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Tristar Summit Medical Center in Tennessee Settles Patient Dumping Allegations

A hospital in Tennessee that allegedly transferred an unstable patient for insurance reasons will pay $40,000 in a settlement with the Office of the Inspector General (OIG) of the Department of Health and Human Services, it was announced today. Tristar Summit Medical Center in Hermitage, TN is settling allegations by the OIG that it broke the law when it transferred a patient that had come to its emergency department after consuming a bottle of antifreeze without first stabilizing the patient's medical condition. Emergency room personnel, it is alleged, determined the patient should be admitted to an intensive care unit and, despite the availability of a bed in the Tristar Summit ICU, the patient was sent elsewhere because the hospital did not accept the patient's insurance. The Emergency Medical Treatment and Active Labor Act (EMTALA) of 1986—often referred to as the patient anti-dumping law—requires a hospital to stabilize a patient's emergency condition within its capabilities prior to transfer, and a hospital may not transfer an unstable patient unless the patient requests transfer or a physician certifies that the benefits of transfer outweigh the risks. Under EMTALA hospitals can be fined up to $50,000 per violation.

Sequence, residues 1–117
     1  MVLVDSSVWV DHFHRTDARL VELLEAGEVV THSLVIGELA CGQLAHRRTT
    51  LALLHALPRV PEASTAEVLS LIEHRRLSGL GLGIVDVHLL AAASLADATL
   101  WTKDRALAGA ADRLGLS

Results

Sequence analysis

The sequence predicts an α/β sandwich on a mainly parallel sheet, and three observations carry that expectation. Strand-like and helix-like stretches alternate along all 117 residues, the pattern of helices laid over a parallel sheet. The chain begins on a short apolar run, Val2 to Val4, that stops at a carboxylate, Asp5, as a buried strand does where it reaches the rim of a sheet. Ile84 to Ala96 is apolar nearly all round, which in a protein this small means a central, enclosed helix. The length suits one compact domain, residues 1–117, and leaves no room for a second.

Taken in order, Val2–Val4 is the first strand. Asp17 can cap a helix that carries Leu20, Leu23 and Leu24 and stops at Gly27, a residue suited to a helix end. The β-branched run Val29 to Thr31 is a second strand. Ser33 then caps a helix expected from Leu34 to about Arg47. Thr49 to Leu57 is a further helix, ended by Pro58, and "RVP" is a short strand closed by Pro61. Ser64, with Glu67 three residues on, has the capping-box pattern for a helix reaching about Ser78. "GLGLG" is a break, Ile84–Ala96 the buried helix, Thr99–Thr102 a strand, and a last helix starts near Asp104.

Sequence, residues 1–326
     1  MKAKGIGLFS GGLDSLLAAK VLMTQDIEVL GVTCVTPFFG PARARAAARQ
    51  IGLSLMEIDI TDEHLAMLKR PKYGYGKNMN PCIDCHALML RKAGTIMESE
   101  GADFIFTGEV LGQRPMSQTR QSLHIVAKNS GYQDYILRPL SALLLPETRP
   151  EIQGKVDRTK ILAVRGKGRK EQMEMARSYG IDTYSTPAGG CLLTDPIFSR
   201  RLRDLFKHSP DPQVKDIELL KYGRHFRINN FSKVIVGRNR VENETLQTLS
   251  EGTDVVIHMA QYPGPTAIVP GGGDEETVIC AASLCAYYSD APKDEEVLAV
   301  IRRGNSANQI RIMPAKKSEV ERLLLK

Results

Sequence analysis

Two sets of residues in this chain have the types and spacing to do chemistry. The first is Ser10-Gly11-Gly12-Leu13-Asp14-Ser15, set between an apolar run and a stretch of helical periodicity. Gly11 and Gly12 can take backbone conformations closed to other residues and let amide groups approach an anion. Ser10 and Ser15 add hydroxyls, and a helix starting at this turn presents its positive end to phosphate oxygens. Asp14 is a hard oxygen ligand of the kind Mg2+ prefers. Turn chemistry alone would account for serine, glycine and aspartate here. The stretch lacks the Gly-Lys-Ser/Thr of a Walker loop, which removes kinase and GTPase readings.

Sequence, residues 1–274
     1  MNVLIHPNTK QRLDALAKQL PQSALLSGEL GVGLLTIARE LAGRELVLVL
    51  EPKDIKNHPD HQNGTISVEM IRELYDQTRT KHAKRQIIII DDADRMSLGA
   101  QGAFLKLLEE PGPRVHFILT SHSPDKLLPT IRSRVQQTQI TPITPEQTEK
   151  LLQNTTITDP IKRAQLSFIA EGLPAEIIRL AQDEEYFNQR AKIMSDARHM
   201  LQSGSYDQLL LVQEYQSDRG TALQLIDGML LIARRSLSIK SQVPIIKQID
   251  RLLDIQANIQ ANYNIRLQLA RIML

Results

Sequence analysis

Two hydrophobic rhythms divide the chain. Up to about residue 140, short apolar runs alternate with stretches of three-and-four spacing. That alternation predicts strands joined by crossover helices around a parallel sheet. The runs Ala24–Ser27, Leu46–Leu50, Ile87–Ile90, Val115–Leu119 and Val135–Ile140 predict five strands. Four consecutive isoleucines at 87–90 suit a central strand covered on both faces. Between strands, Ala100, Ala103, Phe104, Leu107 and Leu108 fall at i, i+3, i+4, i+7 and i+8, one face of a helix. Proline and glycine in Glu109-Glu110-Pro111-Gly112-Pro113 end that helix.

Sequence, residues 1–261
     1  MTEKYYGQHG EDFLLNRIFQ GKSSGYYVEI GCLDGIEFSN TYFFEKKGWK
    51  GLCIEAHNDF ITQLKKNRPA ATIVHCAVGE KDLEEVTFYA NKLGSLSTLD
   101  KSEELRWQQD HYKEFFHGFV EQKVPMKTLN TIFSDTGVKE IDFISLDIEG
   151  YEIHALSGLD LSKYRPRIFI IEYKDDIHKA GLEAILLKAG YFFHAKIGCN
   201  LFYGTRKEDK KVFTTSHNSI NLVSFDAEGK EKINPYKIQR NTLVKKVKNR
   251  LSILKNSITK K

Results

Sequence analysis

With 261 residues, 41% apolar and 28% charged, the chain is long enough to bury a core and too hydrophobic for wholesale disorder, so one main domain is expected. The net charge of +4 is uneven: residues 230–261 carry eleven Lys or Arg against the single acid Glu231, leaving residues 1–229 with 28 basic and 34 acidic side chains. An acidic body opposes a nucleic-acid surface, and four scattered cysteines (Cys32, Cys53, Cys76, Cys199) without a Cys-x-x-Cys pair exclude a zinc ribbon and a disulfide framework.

Action Details

  • Date:January 20, 2015
  • Enforcement Types:
    • CMP and Affirmative Exclusions